She sits across from us — hair pinned up tightly in an aggravated bun. I have my hands on my lap. I am centered in my chair — immovable. She invites us in for tea, this will calm our nerves, she says. We sit quietly. She gathers the good china, readies the table, and prepares some Earl Grey. He spies me looking at her precariously. I give him a cautious wink — I nod slowly. He knows something is wrong. He says nothing.
“Your sugar cubes . . . One lump or two, Dears?” We look at each other before speaking. We both shout in unison, “Two, please!” She plasters a fake smile on her face then offers us a drink we’re scared to consume.
afraid to drink tea something’s not right with our host but we can’t be rude
We sip our tea slowly — breathing in and out as we swallow. She eyes us nosily. I sit back in my chair — rock steadily. The air in the room wolfs around us — strangles us into silence. She seems nice. She seems sweet as pie — sweet as honey — sweet as sugar. But she’s not. We know she’s not. We just can’t put our fingers on it. He takes a few more sips then his head lands on the table with a loud thud. “Teddy! Baby, wake up! Wake up!” I look at her, she’s still smiling — the same fake one from earlier. What has she done?
host for evening tea is a killer in disguise we both die that night
Robbie slips away from the bushes at first light, his hands are contorted and shaped into demon’s wings, he cuffs his blade tightly to his chest. In front of their door lovingly displayed is a mat that says, “Love is all you need.” He wipes the muddy gunk from the soles of his shoes on it, twists the edge of the blade into the keyhole, slides another in between the door jamb and the knob, and shifts the door silently. It opens. He listens for every breath in their home–Jaimie’s, her mom’s, her older brother’s, and her dad’s. He sniffs at the air, pulls in scents from days past, and bites down on his bottom lip.
Towards the stairs, he creeps. His not-quite-right wings are tucked in slightly behind his back as he maneuvers up each step, careful of creaking floorboards. Slowly he makes his way down the hall. Jaimie’s door is a dead giveaway–white door with pinks flowers and unicorn stickers don it from every angle. He pushes his way through the door and gently closes it behind him. His fangs protrude, salty saliva drips from the edges. Jaimie, sleeping peacefully with her teddy bear cupped tightly in her little hands, does not hear a thing.
Quickly, before anyone can wake up to Robbie’s presence, he leans closer to the sleeping girl, breathes into her ear, licks the tip of its top, and bites down hard, ripping her flesh in one, swift tug. To quiet Jaimie’s screams, his talon-like palm thrashes against her mouth. In one gulp, her head is devoured.
Lemuel’s eyes are fixed on the broken sky. His big sister Cassie is planning to sneak out again tonight. This will be the fifth night in a row. Lemuel is not a snitch, but he’s been itching to get Cassie into trouble since she ratted him out for eating the last thin crust pizza, their Mom’s favorite. This behavior is not what he expects from Cassie, she’s never jumped ship on a “babysitting” gig before. Although Lemuel was thirteen and could practically fend for himself, he was blind. Their parents depended on Cassie to make sure Lemuel’s well-being was positively maintained.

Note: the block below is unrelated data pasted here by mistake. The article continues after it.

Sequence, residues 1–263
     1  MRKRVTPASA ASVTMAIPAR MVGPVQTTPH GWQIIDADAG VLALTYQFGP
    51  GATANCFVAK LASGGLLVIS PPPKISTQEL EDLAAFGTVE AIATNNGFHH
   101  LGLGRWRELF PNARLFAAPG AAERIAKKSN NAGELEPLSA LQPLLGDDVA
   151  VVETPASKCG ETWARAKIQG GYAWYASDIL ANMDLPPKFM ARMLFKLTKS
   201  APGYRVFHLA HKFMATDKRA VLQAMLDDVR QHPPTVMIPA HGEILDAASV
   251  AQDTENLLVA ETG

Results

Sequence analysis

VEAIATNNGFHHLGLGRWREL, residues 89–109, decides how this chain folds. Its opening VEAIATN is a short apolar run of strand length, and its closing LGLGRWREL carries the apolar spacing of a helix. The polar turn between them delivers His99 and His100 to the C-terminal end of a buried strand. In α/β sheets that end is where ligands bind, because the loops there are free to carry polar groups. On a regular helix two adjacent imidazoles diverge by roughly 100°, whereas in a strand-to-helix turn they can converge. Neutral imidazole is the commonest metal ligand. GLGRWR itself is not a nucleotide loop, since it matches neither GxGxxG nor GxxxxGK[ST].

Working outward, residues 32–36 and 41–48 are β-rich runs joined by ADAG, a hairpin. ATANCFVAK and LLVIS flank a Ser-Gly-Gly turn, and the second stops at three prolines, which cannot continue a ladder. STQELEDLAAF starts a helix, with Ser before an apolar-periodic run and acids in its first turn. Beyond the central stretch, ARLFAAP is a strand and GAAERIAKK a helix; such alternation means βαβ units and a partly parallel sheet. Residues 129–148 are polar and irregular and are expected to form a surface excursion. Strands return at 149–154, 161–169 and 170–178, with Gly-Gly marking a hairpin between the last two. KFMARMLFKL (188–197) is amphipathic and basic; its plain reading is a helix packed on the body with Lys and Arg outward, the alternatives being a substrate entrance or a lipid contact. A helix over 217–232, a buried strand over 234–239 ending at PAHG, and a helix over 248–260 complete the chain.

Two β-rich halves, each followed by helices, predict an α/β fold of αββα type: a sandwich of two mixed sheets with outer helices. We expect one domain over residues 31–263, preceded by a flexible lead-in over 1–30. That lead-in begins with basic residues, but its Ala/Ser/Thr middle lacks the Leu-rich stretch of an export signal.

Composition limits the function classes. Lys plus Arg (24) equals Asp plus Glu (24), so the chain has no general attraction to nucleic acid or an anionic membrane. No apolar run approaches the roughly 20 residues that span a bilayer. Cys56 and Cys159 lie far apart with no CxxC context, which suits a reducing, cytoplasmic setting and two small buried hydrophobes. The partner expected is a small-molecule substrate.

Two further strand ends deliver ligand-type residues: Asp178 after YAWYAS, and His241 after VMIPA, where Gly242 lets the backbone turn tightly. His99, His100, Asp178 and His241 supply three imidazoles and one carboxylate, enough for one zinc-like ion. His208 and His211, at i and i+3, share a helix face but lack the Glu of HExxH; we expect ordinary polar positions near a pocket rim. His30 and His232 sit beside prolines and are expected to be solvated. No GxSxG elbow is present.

“I’ll be back. I put some leftover barbecue chicken in the oven for you. The timer is set for thirty minutes. I’ve heated up the mashed potatoes and the spinach only needs two minutes in the microwave. Don’t forget to take the aluminum cover off this time, Lemuel. For God’s sake, just don’t.”
Lemuel nodded in his sister’s direction and did not utter a word. The timer dinged, signifying the sweet morsels of honey-glazed barbecue chicken and Lemuel skirted his way into the kitchen. In the dark, dank, confines of the tiny space, he could hear soft whispers,
“Tattletales go to Hell.”
Lemuel ignored the whispers, surely he needed rest. He devoured his dinner, remembering to remove the aluminum cover on the spinach. Before he could swallow the last bite, he heard the chant once more. This time, it filled the walls and filled the cracks in the floor. Lemuel’s parents came barging in the door, one after the other. Lemuel couldn’t wait to let them know about Cassie leaving every night this week when she was supposed to be overseeing his care.
The voices grew louder and louder. Lemuel’s parents gazed at the boy, finally believing his days were numbered. “Cassie isn’t here. I don’t know where she is. And, she’s been leaving every night this week.” He felt a sense of pride revealing his sister’s secret.
“Tattletales go to Hell.”
Lemuel pointed to nowhere in particular as the voices grew louder and louder. He smiled in his parents’ direction and bit down lightly on his tongue before opening his mouth.
“Cassie, she’s been…”
Thunder roared, the floor in their kitchen shook, and hands erupted from beneath Lemuel and his legs were the first to disappear. The souls pulled Lemuel under while his parents watched him sink in a fiery heap.
At that very moment, Cassie walked in. The only thing she could think to say was,
She presses the steamy pot into a hole in the ground outside her log cabin. There are canned tongues, eyeballs, and lips curing inside. Opal has been waiting for this day to come.
The Day of the Big Feast.
Her goal is to devour ten children in less than three days.